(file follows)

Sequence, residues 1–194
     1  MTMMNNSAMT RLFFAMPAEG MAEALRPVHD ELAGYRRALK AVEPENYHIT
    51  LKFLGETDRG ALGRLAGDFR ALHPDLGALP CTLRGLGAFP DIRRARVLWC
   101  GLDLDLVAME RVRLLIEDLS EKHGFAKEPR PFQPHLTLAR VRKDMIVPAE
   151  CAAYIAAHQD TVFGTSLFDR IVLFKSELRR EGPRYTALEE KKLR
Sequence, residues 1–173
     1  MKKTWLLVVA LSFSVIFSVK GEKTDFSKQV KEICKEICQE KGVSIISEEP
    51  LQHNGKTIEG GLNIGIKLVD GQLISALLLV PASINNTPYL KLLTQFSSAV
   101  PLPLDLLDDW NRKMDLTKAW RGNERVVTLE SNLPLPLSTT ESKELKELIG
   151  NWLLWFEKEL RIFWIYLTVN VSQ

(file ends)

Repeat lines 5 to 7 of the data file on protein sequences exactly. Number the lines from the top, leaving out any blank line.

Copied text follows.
   151  CAAYIAAHQD TVFGTSLFDR IVLFKSELRR EGPRYTALEE KKLR
Sequence, residues 1–173
     1  MKKTWLLVVA LSFSVIFSVK GEKTDFSKQV KEICKEICQE KGVSIISEEP